“I was hungry and you gave me something to eat, I was thirsty and you gave me something to drink, I was a stranger and you invited me in, I needed clothes and you clothed me, I was sick and you looked after me, I was in prison and you came to visit me…I tell you the truth, whatever you did for one of the least of these brothers of mine, you did for me,” Matthew 25:35-36,40.
Like power, with compassion comes great responsibility. So much more than a feeling, the person with compassion is compelled to transform their compassion into intent, and most importantly, action. To be compassionate is to see, to feel and to do something.
The recent arrival of Pope Francis on our shores has rekindled our national conversation over how we will protect and care for our marginalized, provide access to our disenfranchised communities and promote justice for all.
Francis, the spiritual leader of more than a billion Catholics, the world over, has placed the poor and the treatment of the poor at the center of his papacy. But his message of mercy, compassion and service as the engines of much-needed change is not solely limited to the Catholic faithful. It is a message that can transcend boundaries of faith, gender, political cultures or borders. It is a message that can transform the entire world for the benefit of the common good.
While calls for societal change precede the pope, his papacy and his status as a respected global leader, gives added voice to the voiceless and the oppressed, and encourages the men and women who have decided they would no longer observe (or suffer) injustice from the sidelines—instead they would advocate, and when necessary, agitate for a more just society for the excluded and marginalized among us.
From Moses to the man registering students to vote, or the woman fighting for environmental justice in an impoverished community today, for as long as inequality has plagued society, people have always appeared in the pages of history to carry the heavy and unavoidable banner of change. For Francis, this call to action is motivated by God’s presence, which he said in his final homily in Cuba, “never leaves us tranquil: it always pushes to do something. When God comes, He always calls us out of our house. We are visited so that we can visit others. We are encountered so as to encounter others. We receive love in order to give love.”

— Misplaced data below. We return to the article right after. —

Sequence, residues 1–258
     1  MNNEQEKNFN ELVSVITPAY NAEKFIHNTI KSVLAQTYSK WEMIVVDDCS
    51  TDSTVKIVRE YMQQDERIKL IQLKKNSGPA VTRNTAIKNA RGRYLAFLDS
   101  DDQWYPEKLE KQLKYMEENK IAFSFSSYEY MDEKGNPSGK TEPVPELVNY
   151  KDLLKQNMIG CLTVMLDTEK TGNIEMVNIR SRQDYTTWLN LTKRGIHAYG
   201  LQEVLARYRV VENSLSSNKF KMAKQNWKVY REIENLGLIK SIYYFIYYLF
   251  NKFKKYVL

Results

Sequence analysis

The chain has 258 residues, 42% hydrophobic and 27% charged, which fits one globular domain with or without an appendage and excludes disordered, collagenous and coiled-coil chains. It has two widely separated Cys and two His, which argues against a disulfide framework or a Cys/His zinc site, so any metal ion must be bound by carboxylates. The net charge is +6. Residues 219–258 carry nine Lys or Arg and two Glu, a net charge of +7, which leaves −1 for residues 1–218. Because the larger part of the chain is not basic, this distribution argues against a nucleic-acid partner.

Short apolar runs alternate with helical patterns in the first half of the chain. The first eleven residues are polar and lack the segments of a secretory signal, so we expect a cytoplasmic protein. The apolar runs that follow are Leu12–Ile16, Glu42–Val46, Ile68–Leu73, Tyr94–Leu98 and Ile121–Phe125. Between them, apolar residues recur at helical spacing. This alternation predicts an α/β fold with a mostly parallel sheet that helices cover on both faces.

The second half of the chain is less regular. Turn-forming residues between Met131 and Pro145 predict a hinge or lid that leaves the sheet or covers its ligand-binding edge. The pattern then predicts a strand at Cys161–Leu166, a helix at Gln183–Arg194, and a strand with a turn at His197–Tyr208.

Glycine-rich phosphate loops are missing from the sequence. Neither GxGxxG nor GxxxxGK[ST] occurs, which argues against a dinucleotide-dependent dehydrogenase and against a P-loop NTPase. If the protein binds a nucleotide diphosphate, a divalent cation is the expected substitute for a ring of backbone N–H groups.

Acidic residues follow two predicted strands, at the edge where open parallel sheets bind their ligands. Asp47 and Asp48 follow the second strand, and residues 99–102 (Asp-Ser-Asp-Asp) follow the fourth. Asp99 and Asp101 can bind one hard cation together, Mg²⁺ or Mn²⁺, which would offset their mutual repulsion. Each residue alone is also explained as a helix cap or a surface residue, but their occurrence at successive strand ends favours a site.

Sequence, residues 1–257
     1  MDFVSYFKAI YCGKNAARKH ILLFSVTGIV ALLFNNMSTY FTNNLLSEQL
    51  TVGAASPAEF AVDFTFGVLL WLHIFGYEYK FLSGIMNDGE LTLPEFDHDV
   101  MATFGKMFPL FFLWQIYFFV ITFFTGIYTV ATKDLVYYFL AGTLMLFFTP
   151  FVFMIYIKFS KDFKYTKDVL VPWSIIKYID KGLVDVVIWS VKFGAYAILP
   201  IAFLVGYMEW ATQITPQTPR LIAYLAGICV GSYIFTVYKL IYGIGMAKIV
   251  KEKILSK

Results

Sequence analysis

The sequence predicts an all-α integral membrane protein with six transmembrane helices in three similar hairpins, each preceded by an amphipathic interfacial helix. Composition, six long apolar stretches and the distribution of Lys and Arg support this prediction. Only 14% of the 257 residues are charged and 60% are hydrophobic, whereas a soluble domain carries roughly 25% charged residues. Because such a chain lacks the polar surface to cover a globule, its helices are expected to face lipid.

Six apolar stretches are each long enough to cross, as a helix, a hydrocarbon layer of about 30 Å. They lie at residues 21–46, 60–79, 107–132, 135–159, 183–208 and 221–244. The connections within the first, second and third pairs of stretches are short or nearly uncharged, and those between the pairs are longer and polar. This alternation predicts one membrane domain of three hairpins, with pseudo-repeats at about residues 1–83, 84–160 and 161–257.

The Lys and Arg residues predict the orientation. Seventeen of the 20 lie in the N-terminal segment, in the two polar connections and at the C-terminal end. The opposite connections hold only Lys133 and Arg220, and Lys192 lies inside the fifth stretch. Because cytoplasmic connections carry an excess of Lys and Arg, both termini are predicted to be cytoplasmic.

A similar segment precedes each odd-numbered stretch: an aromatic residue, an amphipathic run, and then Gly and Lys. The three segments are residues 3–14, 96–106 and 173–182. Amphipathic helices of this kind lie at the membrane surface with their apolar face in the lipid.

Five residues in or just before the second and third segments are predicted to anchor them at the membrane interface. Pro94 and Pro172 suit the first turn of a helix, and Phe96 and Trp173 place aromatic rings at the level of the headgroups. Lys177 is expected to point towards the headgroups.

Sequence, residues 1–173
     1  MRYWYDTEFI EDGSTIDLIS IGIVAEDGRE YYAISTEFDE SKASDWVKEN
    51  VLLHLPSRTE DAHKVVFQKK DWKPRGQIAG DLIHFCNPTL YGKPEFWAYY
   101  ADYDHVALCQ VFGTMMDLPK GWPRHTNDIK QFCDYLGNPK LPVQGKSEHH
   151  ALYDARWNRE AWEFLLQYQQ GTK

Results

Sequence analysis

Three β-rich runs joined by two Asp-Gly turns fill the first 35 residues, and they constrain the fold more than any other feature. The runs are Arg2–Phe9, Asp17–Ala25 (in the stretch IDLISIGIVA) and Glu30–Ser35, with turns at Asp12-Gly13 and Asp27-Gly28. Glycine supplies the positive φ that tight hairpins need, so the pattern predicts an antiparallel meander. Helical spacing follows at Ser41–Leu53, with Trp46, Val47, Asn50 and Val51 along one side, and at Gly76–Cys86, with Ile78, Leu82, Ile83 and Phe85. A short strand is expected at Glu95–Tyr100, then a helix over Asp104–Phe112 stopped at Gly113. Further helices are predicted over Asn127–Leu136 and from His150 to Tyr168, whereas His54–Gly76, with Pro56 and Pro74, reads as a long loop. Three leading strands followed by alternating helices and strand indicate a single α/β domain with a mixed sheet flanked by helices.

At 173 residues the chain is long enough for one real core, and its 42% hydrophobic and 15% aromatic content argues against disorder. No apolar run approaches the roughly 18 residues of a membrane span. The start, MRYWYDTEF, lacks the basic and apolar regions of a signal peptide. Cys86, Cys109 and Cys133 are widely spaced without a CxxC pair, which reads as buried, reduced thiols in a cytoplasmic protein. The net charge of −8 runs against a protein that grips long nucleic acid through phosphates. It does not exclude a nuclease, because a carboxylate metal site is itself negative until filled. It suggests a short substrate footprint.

For more than 100 years, the National Urban League has dedicated itself to loving, visiting and encountering people and communities in their times of need. Our mission (like the mission of so many people of faith dedicated to changing lives and reforming the structures that compromise the quality of life of the most vulnerable) is to establish mechanisms and policies aimed at economic empowerment in order to elevate the standard of living in historically underserved urban communities. This cross-section of compassion and social justice has been, and continues to be, a defining element of our existence and struggle across a range of social justice movements.
The pope is visiting the United States at a pivotal time in our history, when justice and equality is facing challenges on many fronts. We face challenges in the constitutional right of citizens to vote. We are experiencing a rash of deaths of Black men at the hands of police officers who are rarely held accountable; equity in funding and resources for public school education remains a distant reality; and the economic gap that exist between the rich and the poor only continues to widen.
The National Urban League continues to tackle these ever-present issues with programs and policy recommendations that not only benefit communities of color, but our nation as a whole. Our education programs, like Project Ready, support academic achievement, civic involvement and the physical and emotional development of our young people. But it doesn’t end there, we also challenge our states and federal government to develop formulas to distribute resources to schools in a fair manner that does not discriminate based on what community you live in. Our workforce development programs deliver jobs and valuable employment services to the people who need it the most and encourage economic self-sufficiency. We have, and continue to fight on the frontline of the battles to rid our nation of pervasive criminal justice abuses.
The gospel of compassion has guided many into service beyond their own lives and self-interests. The gospel of compassion: to see, to feel and to do something, is a driver of change that pays no regard to differences in gender, color, community or faith. It is a call to minister and serve those who find themselves on the margins of any given society. We may all come from different traditions and cultures, but we should all be able to agree on our broader duty to provide access to a decent standard of living, protect the poor and promote justice. It is the message of the Francis and his church, and I hope that it is a message that will continue to reach many more ears and hearts.
(Marc H. Morial, former mayor of New Orleans, is president and CEO of the National Urban League.)